Mental pressures taking their toll in sport, says McIlroy

Wed Nov 27, 2013 3:26am EST
Email This Article |
Share This Article
  • Facebook
  • LinkedIn
  • Twitter
| Print This Article | Single Page
[-] Text [+]

(Reuters) - The pressure to succeed in sport is pushing more and more athletes towards stress-related illnesses, says Rory McIlroy, who is looking to put a troubled year on and off the course behind him at this week's Australian Open.

McIlroy, who slipped from the top of the rankings to world number six after a winless 2013, said the mental toll of sport could far outweigh the physical pressures and cases such as that of England cricketer Jonathan Trott were becoming more frequent.

Trott flew home from Australia on Monday to deal with a stress-related illness following England's calamitous start to the Ashes series.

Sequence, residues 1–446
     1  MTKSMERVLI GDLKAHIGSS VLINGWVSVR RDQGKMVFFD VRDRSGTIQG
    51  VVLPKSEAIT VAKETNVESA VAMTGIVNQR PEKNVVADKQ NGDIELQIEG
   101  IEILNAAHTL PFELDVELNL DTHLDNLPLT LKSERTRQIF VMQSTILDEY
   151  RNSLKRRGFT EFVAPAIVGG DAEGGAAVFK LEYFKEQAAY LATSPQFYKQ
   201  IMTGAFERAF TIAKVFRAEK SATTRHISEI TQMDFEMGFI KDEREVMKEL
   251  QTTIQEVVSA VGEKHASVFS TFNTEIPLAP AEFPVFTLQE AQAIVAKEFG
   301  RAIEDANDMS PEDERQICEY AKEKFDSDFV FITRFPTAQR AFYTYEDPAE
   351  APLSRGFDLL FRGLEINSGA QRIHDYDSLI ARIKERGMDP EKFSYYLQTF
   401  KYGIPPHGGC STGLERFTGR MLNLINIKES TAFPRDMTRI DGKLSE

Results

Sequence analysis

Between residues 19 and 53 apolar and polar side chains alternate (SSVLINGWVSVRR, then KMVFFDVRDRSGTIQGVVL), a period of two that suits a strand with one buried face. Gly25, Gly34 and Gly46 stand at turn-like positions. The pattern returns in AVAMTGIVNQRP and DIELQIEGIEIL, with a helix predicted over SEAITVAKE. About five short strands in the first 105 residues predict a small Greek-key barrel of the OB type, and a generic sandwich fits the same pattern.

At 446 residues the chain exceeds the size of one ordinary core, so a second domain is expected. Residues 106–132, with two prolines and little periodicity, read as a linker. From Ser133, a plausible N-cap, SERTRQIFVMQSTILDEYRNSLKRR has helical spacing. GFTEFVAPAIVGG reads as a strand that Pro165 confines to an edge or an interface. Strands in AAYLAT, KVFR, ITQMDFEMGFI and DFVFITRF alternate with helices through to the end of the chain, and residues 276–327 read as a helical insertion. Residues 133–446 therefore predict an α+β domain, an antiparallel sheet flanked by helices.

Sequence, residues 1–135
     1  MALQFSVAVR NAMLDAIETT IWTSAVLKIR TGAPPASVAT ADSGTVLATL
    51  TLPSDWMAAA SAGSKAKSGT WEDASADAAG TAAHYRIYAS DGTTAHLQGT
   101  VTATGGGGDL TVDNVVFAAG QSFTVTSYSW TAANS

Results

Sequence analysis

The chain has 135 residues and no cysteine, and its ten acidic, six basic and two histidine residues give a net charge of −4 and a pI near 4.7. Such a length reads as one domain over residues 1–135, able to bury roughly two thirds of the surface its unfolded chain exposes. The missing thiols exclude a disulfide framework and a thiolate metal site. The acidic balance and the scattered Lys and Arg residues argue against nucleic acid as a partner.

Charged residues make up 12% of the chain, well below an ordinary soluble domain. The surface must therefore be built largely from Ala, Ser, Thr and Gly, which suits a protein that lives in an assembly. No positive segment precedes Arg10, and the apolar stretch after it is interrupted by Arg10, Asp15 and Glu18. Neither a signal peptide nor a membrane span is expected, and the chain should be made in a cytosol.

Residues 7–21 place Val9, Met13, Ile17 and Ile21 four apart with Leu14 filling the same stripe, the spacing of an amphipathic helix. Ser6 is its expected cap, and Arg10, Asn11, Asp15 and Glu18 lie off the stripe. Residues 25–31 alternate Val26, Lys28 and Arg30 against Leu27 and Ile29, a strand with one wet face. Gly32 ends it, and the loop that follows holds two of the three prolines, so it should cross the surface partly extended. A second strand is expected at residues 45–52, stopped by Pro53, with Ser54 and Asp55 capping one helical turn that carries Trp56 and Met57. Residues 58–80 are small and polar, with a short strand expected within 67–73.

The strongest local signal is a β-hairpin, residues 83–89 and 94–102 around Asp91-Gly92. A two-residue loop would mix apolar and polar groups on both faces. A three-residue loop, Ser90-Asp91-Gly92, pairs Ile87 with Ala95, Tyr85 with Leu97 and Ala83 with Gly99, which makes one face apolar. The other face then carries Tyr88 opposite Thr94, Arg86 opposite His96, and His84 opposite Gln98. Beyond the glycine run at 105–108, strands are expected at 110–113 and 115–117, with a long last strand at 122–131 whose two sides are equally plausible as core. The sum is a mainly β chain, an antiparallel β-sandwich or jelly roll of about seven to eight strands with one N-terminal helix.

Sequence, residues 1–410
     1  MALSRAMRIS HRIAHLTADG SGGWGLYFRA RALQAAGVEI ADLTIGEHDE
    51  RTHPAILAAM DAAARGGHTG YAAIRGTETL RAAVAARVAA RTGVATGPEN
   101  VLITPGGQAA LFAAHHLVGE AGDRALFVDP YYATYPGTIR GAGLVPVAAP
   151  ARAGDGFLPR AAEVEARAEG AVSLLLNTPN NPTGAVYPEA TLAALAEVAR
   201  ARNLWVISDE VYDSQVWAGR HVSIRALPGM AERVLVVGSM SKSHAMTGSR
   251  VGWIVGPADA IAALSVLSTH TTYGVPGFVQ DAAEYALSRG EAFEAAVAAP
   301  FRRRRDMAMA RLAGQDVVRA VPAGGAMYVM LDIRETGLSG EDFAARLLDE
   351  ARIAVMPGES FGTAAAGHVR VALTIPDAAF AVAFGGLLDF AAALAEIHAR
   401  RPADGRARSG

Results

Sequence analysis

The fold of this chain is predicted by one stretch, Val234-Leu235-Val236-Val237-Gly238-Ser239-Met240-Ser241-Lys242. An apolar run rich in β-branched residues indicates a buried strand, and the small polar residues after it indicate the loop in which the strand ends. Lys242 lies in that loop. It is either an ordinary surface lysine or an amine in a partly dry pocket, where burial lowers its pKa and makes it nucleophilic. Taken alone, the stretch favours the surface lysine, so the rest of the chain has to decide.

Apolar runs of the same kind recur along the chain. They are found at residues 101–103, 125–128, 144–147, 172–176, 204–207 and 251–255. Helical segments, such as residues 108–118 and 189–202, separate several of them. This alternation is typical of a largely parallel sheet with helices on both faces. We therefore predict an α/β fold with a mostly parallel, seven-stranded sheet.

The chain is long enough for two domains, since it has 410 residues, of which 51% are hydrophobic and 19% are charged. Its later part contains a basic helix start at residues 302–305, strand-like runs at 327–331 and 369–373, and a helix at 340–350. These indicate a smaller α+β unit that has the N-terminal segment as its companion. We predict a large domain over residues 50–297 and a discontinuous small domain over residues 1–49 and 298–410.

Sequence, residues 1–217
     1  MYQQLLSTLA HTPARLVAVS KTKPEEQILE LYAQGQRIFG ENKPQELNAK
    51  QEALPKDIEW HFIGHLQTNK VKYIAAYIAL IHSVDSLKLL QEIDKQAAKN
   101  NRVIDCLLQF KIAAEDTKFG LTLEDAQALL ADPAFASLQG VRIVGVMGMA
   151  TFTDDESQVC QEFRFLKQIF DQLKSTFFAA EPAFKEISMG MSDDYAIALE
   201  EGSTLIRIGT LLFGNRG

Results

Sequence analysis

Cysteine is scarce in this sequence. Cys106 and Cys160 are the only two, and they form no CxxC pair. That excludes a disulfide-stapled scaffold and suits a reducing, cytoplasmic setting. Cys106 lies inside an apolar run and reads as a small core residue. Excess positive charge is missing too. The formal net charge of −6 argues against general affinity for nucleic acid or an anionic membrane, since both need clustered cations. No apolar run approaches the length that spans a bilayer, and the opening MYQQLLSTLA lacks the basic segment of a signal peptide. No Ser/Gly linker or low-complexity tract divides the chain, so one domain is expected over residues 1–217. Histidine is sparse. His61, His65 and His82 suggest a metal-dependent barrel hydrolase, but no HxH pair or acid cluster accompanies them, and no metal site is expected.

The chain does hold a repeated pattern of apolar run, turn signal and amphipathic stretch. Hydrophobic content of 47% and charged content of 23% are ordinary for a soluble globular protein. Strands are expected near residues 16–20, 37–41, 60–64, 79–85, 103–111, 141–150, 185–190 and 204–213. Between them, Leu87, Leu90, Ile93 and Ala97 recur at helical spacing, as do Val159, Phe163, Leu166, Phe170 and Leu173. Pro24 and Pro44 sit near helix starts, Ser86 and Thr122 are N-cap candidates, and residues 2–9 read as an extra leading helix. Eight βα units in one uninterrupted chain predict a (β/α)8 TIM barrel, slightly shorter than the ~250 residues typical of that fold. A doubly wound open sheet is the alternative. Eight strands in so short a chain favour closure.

"It's sad to see something like that happen and it just shows what a mental toll sport can take on you sometimes," McIlroy told reporters at Royal Sydney.

"Hopefully he gets home and spends some time with his family and recovers and can come back...

"As sport becomes so big and there's so much pressure and so much on the line, it's becoming more and more common that these sorts of stress-related illnesses are happening and it just shows how much of a mental toll it takes on you sometimes."

The 24-year-old acknowledged there was a world of difference between casual banter on the golf course and the sledging that took place in Brisbane, where England were thrashed by 381 runs in the first test.

"I think the sledging this year has probably been a bit worse than other years as well," the Northern Irishman added.

"It looks like they're just having a go at each other after every ball... it would be really tough to take that for however long you're out there for.   Continued...

Rory McIlroy of Northern Ireland holds his ball on the second green during the third round of the DP World Tour Championship in Dubai November 16, 2013. REUTERS/Caren Firouz